Your knee is the largest joint in the body. It is also the most susceptible to osteoarthritis. In fact, millions of people suffer from knee pain and stiffness. Therefore, understanding knee osteoarthritis and how it develops will help relieve knee pain.
Your knee sits at the meeting place of the femur and tibia. Your kneecap, or patella, slides along the base of the femur. Knee osteoarthritis is defined as the breakdown of cartilage in the joint. As this occurs, swelling and inflammation develop. This leads to pain and stiffness.
After injuring your knee it’s common for it to become arthritic. However, it also may occur from wear-and-tear. Low-grade chronic inflammation in the body can also cause this. Additionally, joint biochemistry can contribute to osteoarthritis too.
Understanding Knee Osteoarthritis and Cartilage Breakdown
The tibia and femur have rounded areas of bone, called condyles. They are situated in the knee joint. When you bend your knee, these move against each other. Within this area are two types of cartilage.
- Articular cartilage. This is smooth and strong and covers the ends of the condyles. Therefore, reducing friction as the knee bends and straightens.
- Meniscus. This is a thick piece of cartilage sitting between the two bones. It is the knee’s shock absorber.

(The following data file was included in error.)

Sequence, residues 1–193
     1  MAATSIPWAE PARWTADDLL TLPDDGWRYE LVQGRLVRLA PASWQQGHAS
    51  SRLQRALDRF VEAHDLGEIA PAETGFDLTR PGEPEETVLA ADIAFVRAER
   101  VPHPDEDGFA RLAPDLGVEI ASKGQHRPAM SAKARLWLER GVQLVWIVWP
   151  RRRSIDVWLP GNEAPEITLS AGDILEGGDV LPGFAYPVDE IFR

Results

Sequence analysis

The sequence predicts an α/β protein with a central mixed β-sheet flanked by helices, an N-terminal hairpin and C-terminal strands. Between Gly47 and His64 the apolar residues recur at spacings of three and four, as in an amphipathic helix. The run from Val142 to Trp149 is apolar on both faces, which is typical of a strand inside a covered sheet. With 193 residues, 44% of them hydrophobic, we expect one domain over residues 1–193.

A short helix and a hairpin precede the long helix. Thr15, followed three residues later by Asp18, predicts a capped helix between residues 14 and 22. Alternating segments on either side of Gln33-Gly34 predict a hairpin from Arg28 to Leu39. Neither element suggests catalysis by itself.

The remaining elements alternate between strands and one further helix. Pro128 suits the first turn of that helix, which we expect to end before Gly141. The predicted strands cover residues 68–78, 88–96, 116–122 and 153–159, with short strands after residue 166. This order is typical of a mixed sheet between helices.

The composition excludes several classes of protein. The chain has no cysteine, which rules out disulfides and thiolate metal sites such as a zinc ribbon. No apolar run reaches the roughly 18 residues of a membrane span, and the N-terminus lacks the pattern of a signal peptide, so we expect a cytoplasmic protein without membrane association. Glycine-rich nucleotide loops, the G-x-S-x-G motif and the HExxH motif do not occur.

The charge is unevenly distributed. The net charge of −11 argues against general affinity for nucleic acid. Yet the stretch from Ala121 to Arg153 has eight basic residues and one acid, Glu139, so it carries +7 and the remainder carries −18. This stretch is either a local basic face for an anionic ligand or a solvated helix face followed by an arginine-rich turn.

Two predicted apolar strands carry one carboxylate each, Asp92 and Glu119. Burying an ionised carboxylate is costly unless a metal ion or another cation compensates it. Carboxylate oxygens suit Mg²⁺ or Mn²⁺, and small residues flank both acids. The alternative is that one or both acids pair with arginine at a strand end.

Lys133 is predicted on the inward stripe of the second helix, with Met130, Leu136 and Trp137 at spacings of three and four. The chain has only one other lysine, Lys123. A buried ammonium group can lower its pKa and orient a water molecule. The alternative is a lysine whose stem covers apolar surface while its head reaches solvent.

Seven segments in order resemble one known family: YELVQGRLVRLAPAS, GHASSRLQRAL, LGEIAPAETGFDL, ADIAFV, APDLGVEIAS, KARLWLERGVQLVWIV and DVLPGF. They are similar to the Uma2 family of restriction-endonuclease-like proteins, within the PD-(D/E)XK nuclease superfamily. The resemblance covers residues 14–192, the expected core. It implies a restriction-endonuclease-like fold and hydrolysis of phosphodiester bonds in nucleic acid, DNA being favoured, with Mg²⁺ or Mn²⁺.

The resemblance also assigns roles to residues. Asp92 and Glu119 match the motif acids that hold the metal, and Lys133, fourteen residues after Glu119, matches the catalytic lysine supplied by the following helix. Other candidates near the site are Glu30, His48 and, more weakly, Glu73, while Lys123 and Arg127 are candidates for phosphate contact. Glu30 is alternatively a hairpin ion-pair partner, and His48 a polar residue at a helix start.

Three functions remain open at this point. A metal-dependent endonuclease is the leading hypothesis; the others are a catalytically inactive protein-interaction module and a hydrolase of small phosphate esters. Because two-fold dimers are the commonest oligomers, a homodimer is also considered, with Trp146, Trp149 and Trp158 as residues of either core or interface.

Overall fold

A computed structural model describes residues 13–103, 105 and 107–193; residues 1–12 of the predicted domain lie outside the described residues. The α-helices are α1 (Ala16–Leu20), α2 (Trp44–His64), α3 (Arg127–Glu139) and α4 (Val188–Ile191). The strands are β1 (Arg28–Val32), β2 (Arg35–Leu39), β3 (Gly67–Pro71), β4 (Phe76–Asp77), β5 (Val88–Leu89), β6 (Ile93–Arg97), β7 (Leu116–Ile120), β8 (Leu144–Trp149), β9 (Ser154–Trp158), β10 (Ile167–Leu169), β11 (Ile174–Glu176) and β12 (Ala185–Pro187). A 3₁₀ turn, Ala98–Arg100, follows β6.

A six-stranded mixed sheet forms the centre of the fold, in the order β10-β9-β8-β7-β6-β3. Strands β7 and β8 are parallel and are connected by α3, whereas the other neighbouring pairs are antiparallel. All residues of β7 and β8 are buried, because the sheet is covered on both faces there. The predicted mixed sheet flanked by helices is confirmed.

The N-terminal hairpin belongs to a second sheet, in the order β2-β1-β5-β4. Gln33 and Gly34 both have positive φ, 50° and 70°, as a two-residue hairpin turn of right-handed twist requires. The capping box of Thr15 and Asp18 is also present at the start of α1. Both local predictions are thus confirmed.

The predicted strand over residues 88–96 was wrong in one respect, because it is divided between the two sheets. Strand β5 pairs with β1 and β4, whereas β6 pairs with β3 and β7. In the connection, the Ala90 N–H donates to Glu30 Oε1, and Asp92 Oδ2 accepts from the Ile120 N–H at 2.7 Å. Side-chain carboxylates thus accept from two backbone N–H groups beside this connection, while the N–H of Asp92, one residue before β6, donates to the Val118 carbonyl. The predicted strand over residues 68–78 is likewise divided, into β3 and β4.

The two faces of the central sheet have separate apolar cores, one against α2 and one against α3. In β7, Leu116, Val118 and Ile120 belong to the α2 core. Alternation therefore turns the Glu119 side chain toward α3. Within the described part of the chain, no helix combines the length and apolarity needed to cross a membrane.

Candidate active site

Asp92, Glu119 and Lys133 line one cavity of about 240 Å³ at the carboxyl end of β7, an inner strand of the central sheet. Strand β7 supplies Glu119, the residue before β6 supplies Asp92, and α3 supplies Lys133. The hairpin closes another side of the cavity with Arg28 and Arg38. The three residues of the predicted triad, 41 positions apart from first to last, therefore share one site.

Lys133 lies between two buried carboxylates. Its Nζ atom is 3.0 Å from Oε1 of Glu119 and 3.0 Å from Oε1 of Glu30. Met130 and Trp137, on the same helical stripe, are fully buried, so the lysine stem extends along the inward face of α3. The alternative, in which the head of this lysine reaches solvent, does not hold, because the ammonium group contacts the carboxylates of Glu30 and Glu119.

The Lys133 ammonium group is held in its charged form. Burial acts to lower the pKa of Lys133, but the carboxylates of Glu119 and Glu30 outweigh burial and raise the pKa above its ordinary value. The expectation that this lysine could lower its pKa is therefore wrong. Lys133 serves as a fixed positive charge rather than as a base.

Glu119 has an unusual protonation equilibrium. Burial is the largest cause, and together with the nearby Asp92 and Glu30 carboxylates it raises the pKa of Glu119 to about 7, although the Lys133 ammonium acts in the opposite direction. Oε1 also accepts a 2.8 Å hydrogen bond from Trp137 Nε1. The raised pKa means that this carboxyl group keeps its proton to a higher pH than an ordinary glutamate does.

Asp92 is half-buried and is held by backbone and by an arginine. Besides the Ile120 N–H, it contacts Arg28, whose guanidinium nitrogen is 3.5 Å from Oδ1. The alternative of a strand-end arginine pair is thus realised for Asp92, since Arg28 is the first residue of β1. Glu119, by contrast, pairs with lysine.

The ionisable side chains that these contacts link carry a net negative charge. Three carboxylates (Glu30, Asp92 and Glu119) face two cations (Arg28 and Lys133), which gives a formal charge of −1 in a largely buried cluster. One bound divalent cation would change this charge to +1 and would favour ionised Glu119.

An additional layer of articular cartilage sits under the patella. Therefore, helping it to move smoothly.
Damage to the articular cartilage is the first sign of osteoarthritis. A damaged meniscus is considered different. But, the two are connected in terms of knee osteoarthritis.
Changes in the Knee
Osteoarthritis changes artificial cartilage. As this happens, changes to the bones occur too. Imaging and x-rays are required to see this. The changes bones go through include:
- Osteophytes. Also called bone spurs, these develop at the joint. Spurs are painless, but they cause friction. This increases inflammation and pain.
- Subchondral bone sclerosis. The surfaces of the leg bones sitting below the cartilage change. Then hardening (aka subchondral bone sclerosis.)
- Bone lesions and cysts. The bone can develop cysts. Abnormal swelling, or lesions, can also form. These can both cause knee pain.
Treatment to Prevent Further Degeneration
Stiffness and pain are the first signs of osteoarthritis. Treatment can slow the progression of the disease. However, without it, degeneration will continue to get worse. Knee cartilage can become too thin and disappear. There are different treatment options. Your doctor can help evaluate the best course based on severity and lifestyle.
Understanding Knee Osteoarthritis is Key Since There May be No Symptoms
Osteoarthritis doesn’t always cause symptoms. In fact, there can be many reasons for your aching knee. Also, you can have knee degeneration without pain. Symptoms can be unpredictable at all stages of the disease. Bone on bone osteoarthritis can have mild or no symptoms. So, it is crucial to pay attention to any changes in your knees, and understanding knee osteoarthritis is key.
Are you experiencing knee osteoarthritis and having a hard time understanding what you should be doing? Look no further! Our expert staff is here to help. We can help guide you from pain management to surgical intervention and even through the healing process with physical therapy. Call us at 888-409-8006.
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